Rust, a 2013 indie survival game from Facepunch Studios, plays like a cross between Minecraft and Grand Theft Auto. Players find themselves “born” into a mysterious wilderness, naked and alone, forced to forage for resources and to craft clothing, supplies and shelter for themselves. They must contend with starvation, hypothermia and animal attacks, but by far the most dangerous threat comes from other players who roam the island.
When the game was first opened up, all players were given the same default avatar: a bald white man. With the most recent update, Rust’s lead developer, Garry Newman, introduced different avatars of different racial origins into the mix. However, they did so with a twist — unlike typical massively multiplayer online role-playing games, Rust does not allow players to choose the race of their avatar. Instead, they are assigned one at random. Newman explained the change in a blog post:
Everyone now has a pseudo-unique skin tone and face. Just like in real life, you are who you are — you can’t change your skin color or your face. It’s actually tied to your SteamID [a randomly generated number assigned to each account that is associated with the online software distributor Steam].
Right now your avatar is randomized via three things: skin color, head mesh and head material. We only have two face textures and two face materials, which means there are four possible combinations. We will be adding more of these later on (at which point your face will probably change).
The reactions to Rust’s unprecedented experiment were swift. Many gamers were aggrieved by the skin tone automatically assigned them. Others felt drafted into racial discourses that they preferred to ignore, and lamented the entrance of social justice activism into what they saw as a blissfully post-racial online world. But the backlash only underscored a disturbing reality: By insisting that race doesn’t or shouldn’t exist online, such attitudes ensure an online status quo in which people of color remain marginalized and invisible.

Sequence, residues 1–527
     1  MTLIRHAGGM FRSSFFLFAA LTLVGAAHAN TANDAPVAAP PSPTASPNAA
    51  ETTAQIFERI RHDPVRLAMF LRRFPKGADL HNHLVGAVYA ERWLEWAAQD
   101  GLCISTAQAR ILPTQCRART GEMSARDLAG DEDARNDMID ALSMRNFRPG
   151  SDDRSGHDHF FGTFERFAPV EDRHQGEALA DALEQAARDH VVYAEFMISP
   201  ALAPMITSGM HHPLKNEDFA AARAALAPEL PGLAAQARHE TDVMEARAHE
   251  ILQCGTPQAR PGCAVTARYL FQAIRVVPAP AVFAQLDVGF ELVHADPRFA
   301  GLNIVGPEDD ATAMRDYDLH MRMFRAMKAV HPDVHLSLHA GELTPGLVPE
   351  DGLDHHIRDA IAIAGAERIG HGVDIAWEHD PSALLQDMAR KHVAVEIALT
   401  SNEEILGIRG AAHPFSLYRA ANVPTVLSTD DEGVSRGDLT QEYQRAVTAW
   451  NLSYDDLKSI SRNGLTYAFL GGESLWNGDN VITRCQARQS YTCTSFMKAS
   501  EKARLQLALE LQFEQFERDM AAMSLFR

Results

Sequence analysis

There are two major threads running through gamers’ reactions to their avatars. First, there were those who declared that it was not so much their specific assigned skin color that aggravated them. Rather, they were upset at being denied the opportunity to choose their race, something they were used to being able to do in games.
However, as other players pointed out, players had never complained about their lack of choice before, when the only available avatar was a white man.
Why is it that the supposed lack of choice with regards to the player’s avatar only became a concern after people of color were added to the game? The reactions reflect a failure on the part of some gamers to recognize that whiteness is a race at all. These players appear to think of whiteness as a neutral type of embodiment, the universal category of humanity against which all those who do “have” a race (anyone who is not white) are compared. The backlash also confirms a theory posited by new media scholar Lisa Nakamura that, on the Internet, there is a tendency to assume that, in the absence of direct statements to the contrary, the people that we meet are white. Indeed, as Nakamura writes in “Digitizing Race: Visual Cultures of the Internet”: